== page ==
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  1. #1
    mtbr member
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    Just how big can I go?

    First, here's a pic of my bike in its current state...



    Its an '03 (I think, got it used) K2 zed 1.0 that I've been slowly upgrading, usually as stuff broke or wore out. For my first performance-only upgrade, I decided to go for disc brakes, and have some Avid BB7s coming next week. 160mm rear rotor, 185 up front. Of course that required new hubs, so I just upgraded the whole wheelset and picked up some Sun Rhyno Lites laced to XT hubs. The cheezy plastic pedals are gonna go sometime soon too, probably going to pick up some alloy platforms when I go get my brakes. The frame seems to be pretty good, It takes everything I can dish out without even flinching, so I'm thinking new forks will be next on the list. I'm wondering just how big I can go for travel? I think right now I've got 80mm, but I want to step up to 120 or so depending on what will fit without making the geometry all wrong. What should I look for in a bigger/better fork? I'm about 220lbs right now, but will probably get back down to 195-200 when I get to ride more again. The local trails have a fair amount of roots, and a few rocks and small drops, but a lot of guys seem to ride them with little or even no suspension. I just want something that will take anything I can throw it down without losing any teeth.

    Also, anybody know how wide of a tire I can fit in the frame without having to actually try some and see? I've got IRC PiranhaPro 2.1s on now, and when these finally wear out, I want to go a little bigger there too.
    Josh

    "If we knew what it was we were doing, it would not be called research, would it?"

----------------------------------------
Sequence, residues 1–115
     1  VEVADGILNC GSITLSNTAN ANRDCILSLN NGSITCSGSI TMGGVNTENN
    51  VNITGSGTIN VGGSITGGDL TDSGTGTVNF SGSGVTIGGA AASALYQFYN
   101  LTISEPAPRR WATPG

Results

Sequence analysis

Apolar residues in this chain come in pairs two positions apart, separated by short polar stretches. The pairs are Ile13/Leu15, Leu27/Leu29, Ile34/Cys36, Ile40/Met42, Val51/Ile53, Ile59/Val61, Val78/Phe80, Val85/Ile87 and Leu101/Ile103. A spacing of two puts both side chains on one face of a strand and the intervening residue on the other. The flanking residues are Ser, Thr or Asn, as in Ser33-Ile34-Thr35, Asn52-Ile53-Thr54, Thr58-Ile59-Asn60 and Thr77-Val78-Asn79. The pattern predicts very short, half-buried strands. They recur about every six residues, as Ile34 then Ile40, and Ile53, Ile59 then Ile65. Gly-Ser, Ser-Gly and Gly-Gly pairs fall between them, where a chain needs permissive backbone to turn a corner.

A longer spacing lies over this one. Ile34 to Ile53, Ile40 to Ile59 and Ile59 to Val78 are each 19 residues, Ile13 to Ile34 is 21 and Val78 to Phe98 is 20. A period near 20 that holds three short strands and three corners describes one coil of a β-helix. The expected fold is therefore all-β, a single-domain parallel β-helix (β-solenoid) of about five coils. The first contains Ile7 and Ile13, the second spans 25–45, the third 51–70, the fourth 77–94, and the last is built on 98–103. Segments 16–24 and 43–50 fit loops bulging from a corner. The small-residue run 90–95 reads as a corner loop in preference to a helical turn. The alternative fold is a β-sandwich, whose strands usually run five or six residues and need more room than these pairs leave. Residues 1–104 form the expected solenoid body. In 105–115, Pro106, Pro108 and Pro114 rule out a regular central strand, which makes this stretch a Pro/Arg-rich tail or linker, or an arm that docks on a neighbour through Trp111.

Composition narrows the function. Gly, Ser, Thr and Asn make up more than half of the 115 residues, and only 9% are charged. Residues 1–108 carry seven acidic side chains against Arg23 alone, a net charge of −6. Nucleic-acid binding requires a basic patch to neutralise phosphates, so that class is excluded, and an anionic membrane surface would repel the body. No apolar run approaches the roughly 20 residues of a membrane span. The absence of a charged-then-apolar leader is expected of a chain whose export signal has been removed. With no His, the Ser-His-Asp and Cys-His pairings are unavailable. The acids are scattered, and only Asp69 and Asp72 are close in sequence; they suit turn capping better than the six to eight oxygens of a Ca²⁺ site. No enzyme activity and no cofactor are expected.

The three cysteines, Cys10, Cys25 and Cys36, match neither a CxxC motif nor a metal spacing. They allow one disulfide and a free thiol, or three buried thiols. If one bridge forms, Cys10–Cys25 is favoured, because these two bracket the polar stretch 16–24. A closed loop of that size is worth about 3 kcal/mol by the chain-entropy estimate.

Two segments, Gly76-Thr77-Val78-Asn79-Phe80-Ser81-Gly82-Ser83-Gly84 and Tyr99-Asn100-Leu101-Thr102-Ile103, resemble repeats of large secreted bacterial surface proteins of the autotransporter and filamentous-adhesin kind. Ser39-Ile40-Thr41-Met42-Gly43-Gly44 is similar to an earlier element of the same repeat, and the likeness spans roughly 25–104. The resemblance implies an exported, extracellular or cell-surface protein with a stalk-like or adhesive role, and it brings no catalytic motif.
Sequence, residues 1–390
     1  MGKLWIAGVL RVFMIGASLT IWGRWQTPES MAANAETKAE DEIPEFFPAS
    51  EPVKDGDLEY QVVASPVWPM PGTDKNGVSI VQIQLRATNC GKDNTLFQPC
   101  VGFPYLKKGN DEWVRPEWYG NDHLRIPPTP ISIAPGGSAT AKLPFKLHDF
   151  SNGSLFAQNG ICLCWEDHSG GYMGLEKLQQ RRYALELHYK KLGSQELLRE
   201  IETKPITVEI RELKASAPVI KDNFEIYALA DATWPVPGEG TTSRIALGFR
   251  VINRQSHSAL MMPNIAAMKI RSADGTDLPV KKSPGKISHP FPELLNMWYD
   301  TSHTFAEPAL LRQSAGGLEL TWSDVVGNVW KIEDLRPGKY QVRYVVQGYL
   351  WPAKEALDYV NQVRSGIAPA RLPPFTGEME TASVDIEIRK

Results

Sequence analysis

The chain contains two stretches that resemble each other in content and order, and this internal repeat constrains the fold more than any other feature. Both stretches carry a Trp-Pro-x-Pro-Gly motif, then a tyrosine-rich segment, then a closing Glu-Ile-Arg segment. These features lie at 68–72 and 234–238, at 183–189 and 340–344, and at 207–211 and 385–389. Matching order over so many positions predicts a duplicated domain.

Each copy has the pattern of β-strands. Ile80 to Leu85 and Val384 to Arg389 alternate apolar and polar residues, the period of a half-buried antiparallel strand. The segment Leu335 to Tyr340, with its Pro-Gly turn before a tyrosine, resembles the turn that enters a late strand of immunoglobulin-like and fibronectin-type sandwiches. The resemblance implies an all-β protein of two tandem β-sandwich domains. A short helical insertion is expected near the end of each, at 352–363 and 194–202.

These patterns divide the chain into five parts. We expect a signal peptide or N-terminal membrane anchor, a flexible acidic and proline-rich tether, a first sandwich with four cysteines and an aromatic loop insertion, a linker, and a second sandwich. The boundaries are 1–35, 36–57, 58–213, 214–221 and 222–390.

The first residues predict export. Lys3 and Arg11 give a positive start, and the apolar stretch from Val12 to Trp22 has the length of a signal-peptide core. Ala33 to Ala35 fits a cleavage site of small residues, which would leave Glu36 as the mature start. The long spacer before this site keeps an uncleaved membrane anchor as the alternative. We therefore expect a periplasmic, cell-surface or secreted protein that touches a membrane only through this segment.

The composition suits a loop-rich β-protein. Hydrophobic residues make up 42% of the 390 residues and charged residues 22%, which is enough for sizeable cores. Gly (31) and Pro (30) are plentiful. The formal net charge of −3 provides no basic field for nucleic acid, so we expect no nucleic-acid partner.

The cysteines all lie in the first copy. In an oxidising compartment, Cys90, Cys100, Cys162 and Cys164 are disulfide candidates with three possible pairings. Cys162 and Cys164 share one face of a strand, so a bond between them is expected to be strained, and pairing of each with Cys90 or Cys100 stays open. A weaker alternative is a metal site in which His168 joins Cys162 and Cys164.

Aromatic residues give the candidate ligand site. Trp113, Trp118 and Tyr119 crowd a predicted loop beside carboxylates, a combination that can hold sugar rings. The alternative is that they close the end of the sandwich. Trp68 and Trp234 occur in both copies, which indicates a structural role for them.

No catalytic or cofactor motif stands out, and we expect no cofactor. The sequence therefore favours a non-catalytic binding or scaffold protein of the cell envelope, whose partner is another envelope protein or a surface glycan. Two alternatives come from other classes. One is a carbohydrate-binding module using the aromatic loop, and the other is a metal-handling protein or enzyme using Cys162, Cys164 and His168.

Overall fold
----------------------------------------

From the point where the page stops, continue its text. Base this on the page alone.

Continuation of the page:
- Albert Einstein

  2. #2
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    I would not spend to much money on that bike. Honestly I would upgrade to a newer bike if possible, you would spend a little bit more but get something so much better.

  3. #3
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    Also with that frame design you could only go with a 80 to 100 mm of travel. Which would be horrible for an all mountain bike.

  4. #4
    trail addict
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    Quote Originally Posted by 9422re
    Also with that frame design you could only go with a 80 to 100 mm of travel. Which would be horrible for an all mountain bike.
    Yeah, what he said. Use that bike to learn all your fundamentals and save your money for a nicer bike if you really get bit by the bug. Someday you can pass the old bike on to get somebody else hooked on the sport or keep it as a spare for friends or convert to singlespeed for a different experience or ....

    Just saying, you can't put too much of a fork on that bike and that is an expensive upgrade to do right.
    You better just go ahead and drop that seatpost down to the reflector... the trail gets pretty rough down there.

  5. #5
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    Yeah I was kinda figuring I'd keep this for a while and learn how to ride it before I spend big bucks on a new bike. I really want about a 5-6 inch f/s bike, but if I can learn to ride everything on this, then the nicer bike should be much easier to ride. By the time I get good on this, I should have plenty saved for a better ride. Even after the upgrade, I'll probably keep this one and slap on some street tires for a commuter/pavement pounder/training bike and hide the other away for trail use only.
    Josh

    "If we knew what it was we were doing, it would not be called research, would it?"
    - Albert Einstein

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